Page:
Spain: Casillas; Sergio Ramos, Puyol, Marchena,
Capdevila; Marcos Senna; Iniesta, Xavi, Fábregas (Xabi Alonso 63'),
David Silva (Cazorla 66'); Fernando Torres (Güiza 78'). 4-1-4-1.
Germany: Lehmann; Friedrich, Metzelder, Mertesacker, Lahm (Jansen 46'); Frings, Hitzlsperger (Kuranyi 58'); Schweinsteiger, Ballack, Podolski; Klose (Mario Gómez 79'). 4-2-3-1.
1-0. 33. Torres. Got between Lahm and Lehmann to clip Xavi pass past keeper.
Spain are European champions! A single goal from Fernando Torres with just over half an hour on the clock was enough to give "la selección" their first European title since 1964!
Luis Aragonés stuck to the line up which had been so successful throughout the tournament, the only change being Cesc Fábregas for the injured David Villa. They were up against a fearful opponent though, the experienced Germany, a bigger more powerful side who were grateful that their captain Ballack was able to play after passing a late fitness test. And for the first few minutes the Germans were on top, with Ballack and Klose causing some problems for Casillas and his defence.
Spain finally got into gear though, and Lehmann did well to keep out a deflection from his own defender Metzelder on the quarter hour mark. Fernando Torres headed a Sergio Ramos cross against the foot of the post, and Capdevila and Fábregas both tried their luck with long range efforts.
With just over half an hour on the clock though Spain got what was to prove the only goal of the game, Torres running on to Xavi's threaded pass to shrug off a challenge from Lahm and clip the ball over the advancing keeper. A VIP box full of dignitaries leapt to their feet, and Spain were on their way!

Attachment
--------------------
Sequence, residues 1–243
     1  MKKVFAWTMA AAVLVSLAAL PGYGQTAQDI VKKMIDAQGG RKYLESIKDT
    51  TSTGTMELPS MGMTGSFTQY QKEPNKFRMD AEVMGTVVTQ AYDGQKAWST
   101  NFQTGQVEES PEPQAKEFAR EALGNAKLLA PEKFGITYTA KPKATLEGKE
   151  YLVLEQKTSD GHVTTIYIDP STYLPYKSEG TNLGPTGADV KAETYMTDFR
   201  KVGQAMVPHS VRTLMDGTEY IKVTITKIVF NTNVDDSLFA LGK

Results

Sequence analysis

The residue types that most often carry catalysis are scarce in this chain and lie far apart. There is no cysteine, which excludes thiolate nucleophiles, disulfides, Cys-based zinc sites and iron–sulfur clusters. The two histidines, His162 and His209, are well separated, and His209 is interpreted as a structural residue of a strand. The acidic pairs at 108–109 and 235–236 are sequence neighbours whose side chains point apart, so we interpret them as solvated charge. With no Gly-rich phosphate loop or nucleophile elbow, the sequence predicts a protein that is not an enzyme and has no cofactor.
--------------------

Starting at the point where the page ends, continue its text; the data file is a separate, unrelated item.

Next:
Silva fired a couple of efforts wide either side of half time, but Germany started to get back in the game, Ballack in particular shooting just wide of the mark. Aragonés reacted quickly though bringing on Xabi Alonso for Fábregas and then Cazorla for Silva, who was lucky to be still on the park after he appeared to head-butt Podolski as the two squared up to each other in a moment of tension.
The changes though did the trick, and Spain regained the momentum. Lehmann had to be at his best to turn a powerful header from Ramos round the post following a Xavi free kick, and Frings blocked Iniesta's shot on the line from the resulting corner. And just a minute later Lehmann scrambled the ball away after Iniesta was allowed to shoot from close range as the Spanish ballplayers dazzled the German defence.
There was still only one goal in it though, and although Senna and Xavi could both have added to the lead, everybody was on the edge of their seats until the final whistle.
Finally though Italian referee Roberto Rosetti called it a day, and Spain were champions. As the players collected their trophies, Sergio Ramos paid tribute to his deceased colleague Antonio Puerta and Palop pulled on the jersey of his hero Arconada, picking up his medal from Platini who scored the winning goal for France against the goalkeeper in Spain's last final appearance 24 years ago. This was their day though, and the perennial under-achievers had finally laid all the ghosts and come of age.
So there we have it, an exciting young side who play as a team (pundits couldn't decide who was their best player, there were so many!) with a shining future ahead of them. They will have to do it though without their mentor, Vicente Del Bosque taking over the mantel from Luis Aragonés who has called it a day after four hard years of ups and downs. As they say in Spain though, he leaves by the big door, returning to club football after accepting a new challenge with Turkish side Fenerbahçe. We wish him all the best!